The bylaws that allow Target Marine Hatcheries to harvest sturgeon for caviar on-site are being challenged for a third time by Tillicum Bay resident Shirley Kuciuk, to the dismay of Sechelt Mayor John Henderson.
“I respect the right of any citizen to take any action they so wish; however, I’m gravely concerned about the negative impact on the well-being of Sechelt,” he said. “The publicity that we receive from these continuing actions hurts things like property values and the perception people have about Sechelt, and that really concerns me.”
He said staff time and lawyers’ fees to defend the District against Kuciuk’s latest lawsuit will cost about $50,000 “just to get started.”
Kuciuk was part of a group of residents who sued Sechelt after the Target bylaws were passed the first time and she filed a solo suit against the District when the bylaws were passed a second time. Both times the petitioners won when procedural defects were found and the District was forced to throw out their bylaws and start over.
This time Henderson’s sure the District did everything right: “I’m confident we’ve done everything in accordance with the procedures and regulations of the Community Charter and the Local Government Act,” he said.
He noted that if the court again decides the bylaws should be thrown out, council will start the process for a fourth time to allow Target to harvest sturgeon for caviar on-site.
“This is not an action for monetary damages to be paid to her, this is an action to set aside something we’ve done. So, in theory, if she was to win, we would set aside the bylaws and presumably we’d start again,” Henderson said.
Kuciuk’s lawyer John Alexander spoke to Coast Reporter this week to explain why his client is moving forward with a third lawsuit.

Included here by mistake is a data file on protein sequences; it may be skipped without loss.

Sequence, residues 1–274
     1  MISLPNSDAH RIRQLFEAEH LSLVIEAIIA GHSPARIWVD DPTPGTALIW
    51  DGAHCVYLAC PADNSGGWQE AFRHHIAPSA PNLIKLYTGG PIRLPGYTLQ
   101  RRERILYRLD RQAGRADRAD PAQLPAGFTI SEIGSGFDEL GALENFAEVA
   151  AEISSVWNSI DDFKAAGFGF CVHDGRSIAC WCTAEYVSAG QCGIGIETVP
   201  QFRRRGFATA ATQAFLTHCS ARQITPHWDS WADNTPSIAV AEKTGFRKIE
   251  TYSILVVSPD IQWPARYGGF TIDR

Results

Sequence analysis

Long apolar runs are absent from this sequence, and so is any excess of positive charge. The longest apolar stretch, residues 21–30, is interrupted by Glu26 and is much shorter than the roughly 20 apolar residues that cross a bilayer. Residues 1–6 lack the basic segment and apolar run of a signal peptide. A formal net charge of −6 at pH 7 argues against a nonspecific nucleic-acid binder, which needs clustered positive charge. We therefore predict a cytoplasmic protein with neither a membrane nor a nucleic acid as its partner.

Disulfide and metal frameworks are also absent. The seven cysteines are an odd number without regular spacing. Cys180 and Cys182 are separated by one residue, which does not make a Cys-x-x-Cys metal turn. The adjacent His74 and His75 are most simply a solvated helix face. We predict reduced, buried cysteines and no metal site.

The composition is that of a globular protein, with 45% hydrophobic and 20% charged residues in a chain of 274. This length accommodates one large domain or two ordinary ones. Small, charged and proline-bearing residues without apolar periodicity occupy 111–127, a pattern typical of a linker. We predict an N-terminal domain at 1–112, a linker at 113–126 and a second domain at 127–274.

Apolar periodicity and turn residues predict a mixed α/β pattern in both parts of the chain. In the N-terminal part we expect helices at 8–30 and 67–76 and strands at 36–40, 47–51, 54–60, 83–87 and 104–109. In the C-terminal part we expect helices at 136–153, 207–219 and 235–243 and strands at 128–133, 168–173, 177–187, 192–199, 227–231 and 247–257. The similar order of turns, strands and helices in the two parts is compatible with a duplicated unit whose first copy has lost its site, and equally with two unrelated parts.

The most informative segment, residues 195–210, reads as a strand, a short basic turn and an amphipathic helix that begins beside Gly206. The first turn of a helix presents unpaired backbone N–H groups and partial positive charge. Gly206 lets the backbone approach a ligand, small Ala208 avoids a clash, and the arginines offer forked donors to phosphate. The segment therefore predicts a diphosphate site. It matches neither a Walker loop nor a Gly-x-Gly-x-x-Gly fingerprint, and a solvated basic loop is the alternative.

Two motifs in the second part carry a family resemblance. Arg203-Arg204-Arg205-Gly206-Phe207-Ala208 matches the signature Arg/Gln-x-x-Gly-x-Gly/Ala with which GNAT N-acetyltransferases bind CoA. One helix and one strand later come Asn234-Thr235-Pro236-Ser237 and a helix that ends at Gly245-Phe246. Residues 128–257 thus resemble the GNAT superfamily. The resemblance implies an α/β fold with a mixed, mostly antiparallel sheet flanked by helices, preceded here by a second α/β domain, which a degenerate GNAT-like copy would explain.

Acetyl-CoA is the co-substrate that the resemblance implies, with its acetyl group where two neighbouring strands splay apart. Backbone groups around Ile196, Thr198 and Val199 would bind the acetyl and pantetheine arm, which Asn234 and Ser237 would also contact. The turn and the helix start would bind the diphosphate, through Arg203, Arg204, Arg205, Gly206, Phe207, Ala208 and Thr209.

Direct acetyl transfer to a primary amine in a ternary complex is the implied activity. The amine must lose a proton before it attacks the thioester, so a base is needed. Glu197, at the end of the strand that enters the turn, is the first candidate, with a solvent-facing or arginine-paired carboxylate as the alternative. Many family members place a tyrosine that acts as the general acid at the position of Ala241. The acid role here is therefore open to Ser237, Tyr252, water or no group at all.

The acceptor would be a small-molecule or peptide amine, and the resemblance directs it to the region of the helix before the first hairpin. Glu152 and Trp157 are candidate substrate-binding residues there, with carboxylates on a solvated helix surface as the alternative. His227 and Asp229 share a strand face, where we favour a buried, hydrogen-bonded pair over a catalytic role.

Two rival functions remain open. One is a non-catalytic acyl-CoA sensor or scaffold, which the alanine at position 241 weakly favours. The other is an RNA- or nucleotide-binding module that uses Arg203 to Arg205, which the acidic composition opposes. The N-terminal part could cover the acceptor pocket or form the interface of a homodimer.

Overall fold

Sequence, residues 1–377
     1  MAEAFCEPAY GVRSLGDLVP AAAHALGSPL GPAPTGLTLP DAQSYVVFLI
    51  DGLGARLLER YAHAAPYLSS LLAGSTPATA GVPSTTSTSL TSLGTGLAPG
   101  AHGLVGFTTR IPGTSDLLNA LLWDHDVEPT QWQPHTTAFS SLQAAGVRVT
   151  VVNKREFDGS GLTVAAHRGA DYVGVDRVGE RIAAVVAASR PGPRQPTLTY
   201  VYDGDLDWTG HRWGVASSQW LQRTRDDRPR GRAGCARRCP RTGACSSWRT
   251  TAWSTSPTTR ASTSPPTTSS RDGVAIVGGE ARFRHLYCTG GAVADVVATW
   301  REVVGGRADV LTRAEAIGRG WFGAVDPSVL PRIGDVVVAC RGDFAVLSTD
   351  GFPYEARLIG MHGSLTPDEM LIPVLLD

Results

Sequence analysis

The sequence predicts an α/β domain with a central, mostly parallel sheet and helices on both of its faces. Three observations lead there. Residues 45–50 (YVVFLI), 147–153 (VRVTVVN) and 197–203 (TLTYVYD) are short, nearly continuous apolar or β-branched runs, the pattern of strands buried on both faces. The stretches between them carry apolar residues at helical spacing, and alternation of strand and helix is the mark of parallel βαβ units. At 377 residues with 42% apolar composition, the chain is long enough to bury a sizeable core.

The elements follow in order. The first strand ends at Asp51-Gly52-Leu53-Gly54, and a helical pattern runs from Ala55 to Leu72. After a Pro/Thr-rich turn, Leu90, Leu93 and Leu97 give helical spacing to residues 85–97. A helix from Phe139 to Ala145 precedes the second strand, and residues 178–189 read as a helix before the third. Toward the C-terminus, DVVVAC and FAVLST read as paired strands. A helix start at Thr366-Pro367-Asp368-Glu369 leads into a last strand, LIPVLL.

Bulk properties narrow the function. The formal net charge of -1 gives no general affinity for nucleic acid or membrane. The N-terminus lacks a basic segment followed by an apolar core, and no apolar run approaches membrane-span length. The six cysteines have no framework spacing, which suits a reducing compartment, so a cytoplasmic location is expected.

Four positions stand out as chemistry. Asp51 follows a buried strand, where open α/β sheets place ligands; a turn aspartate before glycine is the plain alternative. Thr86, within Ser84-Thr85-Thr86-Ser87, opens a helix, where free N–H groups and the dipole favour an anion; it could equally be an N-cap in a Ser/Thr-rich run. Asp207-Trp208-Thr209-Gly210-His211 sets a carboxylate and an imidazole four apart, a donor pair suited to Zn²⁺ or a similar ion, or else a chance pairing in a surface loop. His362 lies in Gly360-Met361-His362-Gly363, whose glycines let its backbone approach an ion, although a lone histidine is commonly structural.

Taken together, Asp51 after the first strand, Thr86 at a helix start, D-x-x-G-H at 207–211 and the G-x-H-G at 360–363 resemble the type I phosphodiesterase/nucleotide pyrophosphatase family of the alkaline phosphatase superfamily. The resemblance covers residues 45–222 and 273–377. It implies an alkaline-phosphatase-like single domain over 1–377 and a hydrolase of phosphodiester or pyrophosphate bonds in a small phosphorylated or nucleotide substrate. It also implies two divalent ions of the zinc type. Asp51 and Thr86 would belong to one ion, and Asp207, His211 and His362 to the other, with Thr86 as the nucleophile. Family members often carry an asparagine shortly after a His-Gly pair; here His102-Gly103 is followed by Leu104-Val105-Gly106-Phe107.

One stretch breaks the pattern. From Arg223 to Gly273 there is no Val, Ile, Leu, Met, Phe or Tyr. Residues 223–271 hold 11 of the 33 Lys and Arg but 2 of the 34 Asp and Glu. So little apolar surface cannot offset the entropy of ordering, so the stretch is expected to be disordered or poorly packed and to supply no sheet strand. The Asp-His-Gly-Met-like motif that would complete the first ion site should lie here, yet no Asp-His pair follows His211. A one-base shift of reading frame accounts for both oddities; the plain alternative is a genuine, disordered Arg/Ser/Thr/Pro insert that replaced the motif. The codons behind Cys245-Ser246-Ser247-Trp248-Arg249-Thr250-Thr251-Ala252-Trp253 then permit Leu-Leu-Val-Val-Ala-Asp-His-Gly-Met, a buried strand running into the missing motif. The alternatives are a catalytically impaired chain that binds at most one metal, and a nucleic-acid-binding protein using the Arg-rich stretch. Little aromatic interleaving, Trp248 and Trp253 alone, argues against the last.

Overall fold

“The primary concern of Shirley and her neighbours continues to be the same thing, and that is the inappropriate and perhaps risky use of this Target property where it is in a residential neighbourhood and the environmental risk of doing what they want to do with a processing plant in that location,” Alexander said. “And so each time the bylaws have been challenged, it has been for slightly different reasons, but all with the same objective in mind, which is to attempt to either prevent the hatchery from becoming a fish processing plant or, if it can’t be prevented, at least make sure that there are proper environmental controls in place.”
Justin Henry, manager at Target Marine Hatcheries, said a referendum held last November showed the majority of people in Sechelt are in favour of his company harvesting sturgeon for caviar on site.
“Like the Sechelt council, the people of Sechelt have declared their support,” he said. “The petition will not change those things. What it will do is cost the local taxpayers more money and could potentially cause more delay. That delay would result in lost jobs.”
Kuciuk’s most recent lawsuit, filed on Aug. 7, alleges the District “improperly exercised its statutory authority” to adopt the bylaws and that council didn’t give enough notice for the public to respond to materials they had in their possession. It also alleges the District didn’t provide a fair opportunity for all to be heard.
The District of Sechelt will respond to the petition in the coming weeks and then a date to hear the case will be set.